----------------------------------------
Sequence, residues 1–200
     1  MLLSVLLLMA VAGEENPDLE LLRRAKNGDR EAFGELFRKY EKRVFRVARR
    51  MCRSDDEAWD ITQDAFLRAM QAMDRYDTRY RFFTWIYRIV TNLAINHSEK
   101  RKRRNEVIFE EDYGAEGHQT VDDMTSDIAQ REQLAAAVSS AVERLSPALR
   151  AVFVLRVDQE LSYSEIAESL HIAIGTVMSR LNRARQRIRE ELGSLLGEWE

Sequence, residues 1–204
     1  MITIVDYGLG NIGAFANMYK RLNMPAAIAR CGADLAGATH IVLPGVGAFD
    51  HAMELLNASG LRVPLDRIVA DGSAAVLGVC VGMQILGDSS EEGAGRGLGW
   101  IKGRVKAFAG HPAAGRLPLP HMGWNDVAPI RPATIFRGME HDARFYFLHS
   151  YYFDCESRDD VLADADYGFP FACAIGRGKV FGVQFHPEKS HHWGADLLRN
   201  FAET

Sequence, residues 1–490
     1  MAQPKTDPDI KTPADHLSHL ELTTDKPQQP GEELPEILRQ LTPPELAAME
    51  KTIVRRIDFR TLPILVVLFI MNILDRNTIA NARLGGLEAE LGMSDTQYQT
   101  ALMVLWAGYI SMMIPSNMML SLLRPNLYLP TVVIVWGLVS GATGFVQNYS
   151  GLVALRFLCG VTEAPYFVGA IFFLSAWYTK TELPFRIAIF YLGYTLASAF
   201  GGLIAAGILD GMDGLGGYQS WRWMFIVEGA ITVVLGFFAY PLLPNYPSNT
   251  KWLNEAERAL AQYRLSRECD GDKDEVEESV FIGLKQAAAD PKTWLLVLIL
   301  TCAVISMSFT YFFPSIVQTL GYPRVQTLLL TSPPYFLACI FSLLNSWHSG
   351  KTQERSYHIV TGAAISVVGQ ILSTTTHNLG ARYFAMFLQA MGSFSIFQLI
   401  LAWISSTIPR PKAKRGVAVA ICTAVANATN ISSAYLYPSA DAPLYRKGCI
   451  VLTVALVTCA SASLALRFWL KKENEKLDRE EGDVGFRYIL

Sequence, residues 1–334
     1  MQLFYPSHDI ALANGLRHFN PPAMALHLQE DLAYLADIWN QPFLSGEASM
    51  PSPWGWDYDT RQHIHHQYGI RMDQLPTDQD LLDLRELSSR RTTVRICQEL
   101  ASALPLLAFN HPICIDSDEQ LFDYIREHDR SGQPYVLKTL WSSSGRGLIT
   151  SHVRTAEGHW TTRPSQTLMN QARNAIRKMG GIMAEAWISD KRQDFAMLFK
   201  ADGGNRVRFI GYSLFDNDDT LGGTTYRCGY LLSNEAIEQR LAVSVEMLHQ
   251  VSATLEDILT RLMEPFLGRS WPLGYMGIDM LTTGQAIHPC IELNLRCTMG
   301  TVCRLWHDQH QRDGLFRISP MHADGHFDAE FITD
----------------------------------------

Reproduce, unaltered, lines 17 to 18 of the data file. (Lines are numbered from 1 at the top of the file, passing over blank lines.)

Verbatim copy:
   201  GGLIAAGILD GMDGLGGYQS WRWMFIVEGA ITVVLGFFAY PLLPNYPSNT
   251  KWLNEAERAL AQYRLSRECD GDKDEVEESV FIGLKQAAAD PKTWLLVLIL